The superb fruit dove is a rainforest dove with significant sexual dimorphism: the female has green plumage with a white mark on the back of the head, while the male has a purple crown and orange neck. They lay a single egg which they both incubate, the male during the day and
the female at night.
Rainforests of New Guinea and Australia
- Distribution / Resident
- Extint in the wild
- Critically endangered
- In Danger
- Near threatened
- Minor concern
- Insufficient data
- Not evaluated
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The eastern superb fruit dove is a forest pigeon with marked sexual dimorphism: the female has green plumage with a blue spot at the back of its head, while the male has a purple crown and orange nape.
It occupies all types of forests, mangroves and farmlands with some tree cover in New Guinea and its surrounding islands and the east of Australia, from sea level to 2500 metres.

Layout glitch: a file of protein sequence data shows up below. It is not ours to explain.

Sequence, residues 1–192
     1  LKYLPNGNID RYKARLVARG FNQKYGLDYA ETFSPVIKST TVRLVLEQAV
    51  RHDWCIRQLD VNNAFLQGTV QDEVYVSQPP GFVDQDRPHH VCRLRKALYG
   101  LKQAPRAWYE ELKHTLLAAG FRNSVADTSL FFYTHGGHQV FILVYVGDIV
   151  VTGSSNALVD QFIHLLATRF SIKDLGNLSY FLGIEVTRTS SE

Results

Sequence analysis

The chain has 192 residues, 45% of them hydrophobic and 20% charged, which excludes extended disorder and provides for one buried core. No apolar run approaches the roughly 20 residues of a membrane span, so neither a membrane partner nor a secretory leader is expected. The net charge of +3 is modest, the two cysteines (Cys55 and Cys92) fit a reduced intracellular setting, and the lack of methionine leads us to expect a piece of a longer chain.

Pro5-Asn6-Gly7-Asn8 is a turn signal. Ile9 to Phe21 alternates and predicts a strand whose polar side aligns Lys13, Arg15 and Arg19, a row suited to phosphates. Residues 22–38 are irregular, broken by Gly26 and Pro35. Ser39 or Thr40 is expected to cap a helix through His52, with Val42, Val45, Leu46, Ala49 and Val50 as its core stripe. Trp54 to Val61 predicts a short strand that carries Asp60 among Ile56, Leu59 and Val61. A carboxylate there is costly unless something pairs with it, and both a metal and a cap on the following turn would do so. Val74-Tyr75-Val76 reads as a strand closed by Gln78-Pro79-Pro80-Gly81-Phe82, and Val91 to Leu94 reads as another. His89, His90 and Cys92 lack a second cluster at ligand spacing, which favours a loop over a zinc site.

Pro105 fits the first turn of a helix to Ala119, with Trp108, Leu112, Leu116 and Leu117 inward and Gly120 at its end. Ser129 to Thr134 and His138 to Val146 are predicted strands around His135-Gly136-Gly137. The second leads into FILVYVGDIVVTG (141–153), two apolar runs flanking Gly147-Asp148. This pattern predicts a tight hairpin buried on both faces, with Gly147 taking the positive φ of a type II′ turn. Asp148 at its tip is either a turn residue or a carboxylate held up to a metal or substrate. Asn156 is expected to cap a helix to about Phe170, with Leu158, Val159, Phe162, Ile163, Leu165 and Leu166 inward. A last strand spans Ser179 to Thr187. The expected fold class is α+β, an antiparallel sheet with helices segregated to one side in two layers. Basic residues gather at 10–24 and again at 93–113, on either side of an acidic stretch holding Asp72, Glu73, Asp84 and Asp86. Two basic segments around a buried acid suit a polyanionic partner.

It is essentially frugivorous. It forms large food groups often, mixed with other Columbidae species.
It builds a simple nest with branches and plant matter, in which it lays a single egg that both members of the pair incubate, the male during the day and the female at night, for some 14 days.
The majority of this species' populations are resident and sedentary, although some subpopulations may be more nomadic.
It is locally abundant and common in the majority of its area of distribution. In some areas, generally islands and isolated regions, it is endangered due to the destruction of its habitat.